Australian composer and guitarist James Norbert Ivanyi has just released his new EP release The Usurper, which showcases all the brilliance of this amazing artist. Rocking Charts talked with James about the new release, he also reflects about his writing methods, and more.
Releasing music under your birth name; does that make things harder for you? Does it make you feel more responsible for what you create?
It does add to the pressure a little bit, definitely! But perhaps ‘pressure’ isn’t the right word. It’s just a heightened sense of being exposed. I notice it especially when touring and people are coming out to see ‘insert name here’, and it’s kind of weird to think that’s why people are coming, and not to see a band.. It’s something I’m slowly getting used to.
How do you usually describe your music?
I’d describe it as modern progressive metal, with classic rock and psychedelic influences.
What is your writing process like?
I usually write as I record, and have found that to be a very stable way for me to maintain flow and inspiration. For ‘The Usurper’ I did things a little differently and wrote to a piece of artwork, which was a fun experiment.
Who or what is your inspiration, if you have any?
I don’t have any other inspiration aside from the inner urge to simply make music. It’s something that makes me extremely happy so as long as that flame is there and I have the energy to do so, I don’t think I’ll ever stop.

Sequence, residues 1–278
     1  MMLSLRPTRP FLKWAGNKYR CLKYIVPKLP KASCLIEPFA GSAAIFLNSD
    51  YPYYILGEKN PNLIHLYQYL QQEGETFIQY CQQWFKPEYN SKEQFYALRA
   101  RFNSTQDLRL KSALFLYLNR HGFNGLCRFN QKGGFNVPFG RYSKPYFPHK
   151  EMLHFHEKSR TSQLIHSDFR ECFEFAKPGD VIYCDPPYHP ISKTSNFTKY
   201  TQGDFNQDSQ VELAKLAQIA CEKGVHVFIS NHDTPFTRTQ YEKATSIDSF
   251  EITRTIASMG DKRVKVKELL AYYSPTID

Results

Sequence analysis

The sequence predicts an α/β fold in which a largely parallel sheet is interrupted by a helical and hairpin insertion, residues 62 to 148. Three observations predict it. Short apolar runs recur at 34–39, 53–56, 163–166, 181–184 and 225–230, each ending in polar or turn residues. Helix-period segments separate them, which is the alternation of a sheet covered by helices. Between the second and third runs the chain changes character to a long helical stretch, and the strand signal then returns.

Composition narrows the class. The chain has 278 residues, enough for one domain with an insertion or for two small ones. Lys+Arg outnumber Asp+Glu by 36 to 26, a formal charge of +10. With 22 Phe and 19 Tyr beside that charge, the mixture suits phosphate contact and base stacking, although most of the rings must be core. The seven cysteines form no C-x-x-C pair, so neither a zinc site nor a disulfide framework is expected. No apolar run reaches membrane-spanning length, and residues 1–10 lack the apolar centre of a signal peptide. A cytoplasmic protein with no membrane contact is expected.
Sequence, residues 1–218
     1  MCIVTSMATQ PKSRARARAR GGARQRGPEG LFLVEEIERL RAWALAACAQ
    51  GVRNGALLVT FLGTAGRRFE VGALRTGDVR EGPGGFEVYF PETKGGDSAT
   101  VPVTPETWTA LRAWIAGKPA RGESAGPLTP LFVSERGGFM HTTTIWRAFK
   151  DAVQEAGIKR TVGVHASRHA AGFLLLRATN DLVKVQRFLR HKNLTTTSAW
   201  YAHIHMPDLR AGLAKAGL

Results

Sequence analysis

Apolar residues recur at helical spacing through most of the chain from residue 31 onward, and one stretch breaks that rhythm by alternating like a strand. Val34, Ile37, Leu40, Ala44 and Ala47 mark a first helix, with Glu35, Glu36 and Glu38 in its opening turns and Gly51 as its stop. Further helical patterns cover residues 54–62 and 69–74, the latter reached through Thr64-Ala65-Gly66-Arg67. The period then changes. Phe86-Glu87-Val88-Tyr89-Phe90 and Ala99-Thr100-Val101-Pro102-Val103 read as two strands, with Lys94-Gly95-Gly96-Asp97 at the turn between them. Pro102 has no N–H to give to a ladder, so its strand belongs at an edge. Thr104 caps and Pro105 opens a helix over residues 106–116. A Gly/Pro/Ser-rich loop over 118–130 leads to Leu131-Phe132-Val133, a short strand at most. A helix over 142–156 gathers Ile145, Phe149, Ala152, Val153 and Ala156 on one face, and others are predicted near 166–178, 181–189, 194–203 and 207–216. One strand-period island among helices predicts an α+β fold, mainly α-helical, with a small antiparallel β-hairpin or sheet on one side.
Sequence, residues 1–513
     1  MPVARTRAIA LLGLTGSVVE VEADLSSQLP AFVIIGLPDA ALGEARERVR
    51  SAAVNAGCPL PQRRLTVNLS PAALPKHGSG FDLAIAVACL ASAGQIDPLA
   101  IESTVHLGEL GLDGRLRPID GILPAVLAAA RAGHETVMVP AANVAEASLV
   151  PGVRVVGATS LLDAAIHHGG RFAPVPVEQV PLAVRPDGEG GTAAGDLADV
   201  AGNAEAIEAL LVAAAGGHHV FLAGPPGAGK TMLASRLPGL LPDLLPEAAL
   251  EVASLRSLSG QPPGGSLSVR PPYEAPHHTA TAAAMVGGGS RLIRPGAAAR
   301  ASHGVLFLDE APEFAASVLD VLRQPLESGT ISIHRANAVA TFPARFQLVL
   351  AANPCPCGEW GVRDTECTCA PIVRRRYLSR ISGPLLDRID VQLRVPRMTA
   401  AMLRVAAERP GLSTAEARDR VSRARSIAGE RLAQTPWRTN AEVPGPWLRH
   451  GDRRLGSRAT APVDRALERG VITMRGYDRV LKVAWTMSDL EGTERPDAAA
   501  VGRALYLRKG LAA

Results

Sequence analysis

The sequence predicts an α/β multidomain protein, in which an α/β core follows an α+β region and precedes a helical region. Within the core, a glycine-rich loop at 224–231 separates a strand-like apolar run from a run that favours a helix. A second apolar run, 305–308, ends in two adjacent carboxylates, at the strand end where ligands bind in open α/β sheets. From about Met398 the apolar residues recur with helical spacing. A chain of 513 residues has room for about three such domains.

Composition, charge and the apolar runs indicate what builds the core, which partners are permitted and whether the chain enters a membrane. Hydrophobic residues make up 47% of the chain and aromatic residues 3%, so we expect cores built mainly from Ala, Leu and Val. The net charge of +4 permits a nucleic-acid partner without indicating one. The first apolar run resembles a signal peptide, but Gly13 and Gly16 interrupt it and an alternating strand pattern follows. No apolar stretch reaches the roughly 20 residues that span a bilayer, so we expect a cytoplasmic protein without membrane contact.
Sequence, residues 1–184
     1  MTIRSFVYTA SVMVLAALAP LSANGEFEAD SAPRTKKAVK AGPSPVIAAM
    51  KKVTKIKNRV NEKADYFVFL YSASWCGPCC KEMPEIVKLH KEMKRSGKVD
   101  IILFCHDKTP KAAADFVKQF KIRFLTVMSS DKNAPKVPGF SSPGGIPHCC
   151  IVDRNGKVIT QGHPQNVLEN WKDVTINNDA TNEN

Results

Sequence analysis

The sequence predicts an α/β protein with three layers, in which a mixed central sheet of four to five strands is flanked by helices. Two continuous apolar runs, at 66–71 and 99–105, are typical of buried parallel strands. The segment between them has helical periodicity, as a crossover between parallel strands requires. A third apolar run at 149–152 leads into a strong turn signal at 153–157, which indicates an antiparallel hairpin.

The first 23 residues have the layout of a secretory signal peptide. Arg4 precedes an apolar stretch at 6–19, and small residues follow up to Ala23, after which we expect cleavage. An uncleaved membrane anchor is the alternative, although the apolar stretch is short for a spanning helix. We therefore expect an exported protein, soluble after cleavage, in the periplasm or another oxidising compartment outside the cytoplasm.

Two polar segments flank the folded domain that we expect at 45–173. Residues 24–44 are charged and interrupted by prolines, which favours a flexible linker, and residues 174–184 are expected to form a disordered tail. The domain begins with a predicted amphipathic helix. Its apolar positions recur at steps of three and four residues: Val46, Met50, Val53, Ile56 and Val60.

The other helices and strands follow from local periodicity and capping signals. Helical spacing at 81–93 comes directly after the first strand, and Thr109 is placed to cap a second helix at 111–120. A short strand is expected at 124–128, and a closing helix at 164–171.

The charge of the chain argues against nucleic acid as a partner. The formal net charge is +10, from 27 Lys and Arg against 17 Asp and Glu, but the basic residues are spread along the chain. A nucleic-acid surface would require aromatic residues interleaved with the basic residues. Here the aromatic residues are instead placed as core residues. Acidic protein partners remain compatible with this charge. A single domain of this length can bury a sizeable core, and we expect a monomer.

What is your favourite piece on the “The Usurper” EP?
I particularly love the song ‘A Fatal Eminence’ because it was the first song I finished for the EP, and it really set the bar and the pace for the rest of the record. The saxophone solo on that track is also a highlight for me.
What makes “The Usurper” different?
I’d like to think that it is a unique blend of heavy metal and classic 60’s era rock. I’m not trying to re-invent the wheel with it or anything like that, but as far as this kind of thing is concerned in the guitar/instrumental scene, I’m aiming to contribute something sonically different to what’s out there. It features a lot of brass, wind and classic tones while maintaining a ‘heavy’ mix, which I think makes it a unique record.
What should music lovers expect from “The Usurper”?
They can expect a progressive EP with lots of instrumentation and twists and turns. I try to let every instrument have it’s moment to shine, while contributing to the overall sonic value of the music.
What kind of emotions would you like your audience to feel when they listen to your music?
The EP definitely presents a message of anger and frustration, which stems from my feelings of legal systems worldwide. It’s really those feelings I was channeling while writing the music and representing it with the cover art.
Which do you like most, life in the studio or on tour?
I like them both equally. Both have they’re thrilling and terrifying elements.
Pick your three favourite albums that you would take on a desert island with you.
Led Zeppelin: Presence.
Opeth: Ghost Reveries.
Miles David: Bitches Brew.